Artist and Sense of Place Works Now On View at the O Exploring History, Practices and Identity of the Students’ World

At the heart of the Ogden Museums of Southern Art’s mission is educating the public in the visual arts and culture of the American South. Since 2001, the Ogden Museum’s residency program, Artist and Sense of Place, has paired professional artists with local schools to explore the history, practices and identity of the students’ world. Working with elementary school students in the medium of the artist’s choice, the artist spends three weeks in a school exploring the influences of geography and sense of place. Upon completion of the residency, students visit the Museum to view their finished works of art.

On view now in the Education Gallery at the Ogden Museum is the Artist and Sense of Place exhibition featuring works from our most current Artist in Residency program, Rhythms Stories and Places with artist, Carl Joe Williams, along with works from past Artist in Residency programs such as The Faces of Hope/ Los Rostros de Esperanza with Natalie Barnes and The Magical Garden of Gretna Park with Roberto Ortiz. Let’s take a look at the ideas and teachings behind the student works on display.

Artist and Sense of Place
Rhythms, Stories and Places
Esperanza Charter School
Carl Joe Williams, Artist

Our most recent artist in residence, Carl Joe Williams, worked with 180 third, fourth and fifth grade students at Esperanza Charter School, exploring themes of family, community and memory. Inspired by the rich tradition of Southern quilt-making, students recounted treasured memories of people and events in their community, drawing them onto paper and finished with crayons and watercolor. Key features of Southern quilts, such as color, repetition and geometric patterns, were emphasized – demonstrating Southern quilts as more than objects of function, but also as artistic narrative devices.

Native New Orleanian Carl Joe Williams began his formal training in the visual arts as a high school student at the New Orleans Center of Creative Art (NOCCA), and in the 1994, received his B.F.A. in Painting from the Atlanta College of Art. Portraying vignettes of New Orleans life and its people, Williams’ work is characterized by rhythmic, chromatic pattern, what the artist describes as “symphonies of color.” Williams’ work was featured in the 2014 Crystal Bridges Museum State of the Art exhibition and are publicly displayed in permanent installations at the Hartsfield-Jackson International Airport in Atlanta and on the Veterans Boulevard thoroughfare in Metairie, Louisiana.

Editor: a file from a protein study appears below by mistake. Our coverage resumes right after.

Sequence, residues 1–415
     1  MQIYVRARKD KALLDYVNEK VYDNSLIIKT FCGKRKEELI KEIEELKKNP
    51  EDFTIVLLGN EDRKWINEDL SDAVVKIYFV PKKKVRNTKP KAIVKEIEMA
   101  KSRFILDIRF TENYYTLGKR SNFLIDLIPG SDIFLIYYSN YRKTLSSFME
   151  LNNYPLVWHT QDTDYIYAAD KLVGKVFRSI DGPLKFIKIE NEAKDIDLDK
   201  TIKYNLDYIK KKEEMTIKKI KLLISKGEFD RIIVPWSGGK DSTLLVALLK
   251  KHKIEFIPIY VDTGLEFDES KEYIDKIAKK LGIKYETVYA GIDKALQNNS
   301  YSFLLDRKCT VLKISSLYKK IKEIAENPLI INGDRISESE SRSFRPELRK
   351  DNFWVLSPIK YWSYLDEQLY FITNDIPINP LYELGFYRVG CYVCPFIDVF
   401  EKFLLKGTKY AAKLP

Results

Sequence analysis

Artist and Sense of Place
The Faces of Hope/ Los Rostros de Esperanza
Esperanza Charter School
Natalie Barnes, Artist

In 2014, artist Natalie Keller Barnes collaborated with second, third, fourth and fifth graders of Esperanza Charter School to create a textile collaboration entitled Faces of Hope. Inspiration for this work was drawn from Southern self-taught artists, as well as Barnes’ own classical art education.

Barnes emphasized to students the rich history of quilt-making in the South, an artistic tradition steeped in symbolism, community building and resourcefulness. Elaborating on the relevancy of an artist’s work to their environment, Barnes led students to examine the richness of New Orleans in its festivals, cuisine and visual landscape. Encouraged to paint in washes of bright, bold hues, these self-portraits reflect the rich diversity and vibrancy of New Orleans, as well as the experiences of many students with strong Central and South American roots.

As a finished piece, the collection of quilts also features the felt handprints of the students, illustrating the bonds between the individual student and the class, the relationship of the class to Esperanza, and the school to its community. While the majority of the quilts created were returned to the school, the quilt on exhibition today is part of the Ogden Museum Education Department Collection.

Artist and Sense of Place
The Magical Garden of Gretna Park
Shirley T. Johnson/Gretna Park Elementary
Roberto Ortiz, Artist

When Roberto undertook this residency in 2010, he had just returned from Puerto Rico where he had produced a series of oil painting inspired by the islands tropical vegetation. Drawn to the park-like setting of the school, he conceived this project for Shirley T. Johnson/Gretna Park Elementary to pass on his love of painting and to make students aware of their natural surroundings.

Ortiz brought leaves from local trees and shrubs to the school so that students could observe closely the characteristics of the different varieties. On a square of gessoed canvas each student drew a leaf, or leaves or an abstract pattern inspired by the foliage. Then, they painted with acrylics, mixing colors and experimenting with brushstrokes. The many artist represented here invite you to stroll through their garden admiring the multitude of colors, shapes and styles in their rows of vegetation. While the majority of the pieces created were returned to the school, the work on exhibition today is part of the Ogden Museum Education Department Collection.

Come see the Education Gallery exhibition on the third floor through November 25, 2018.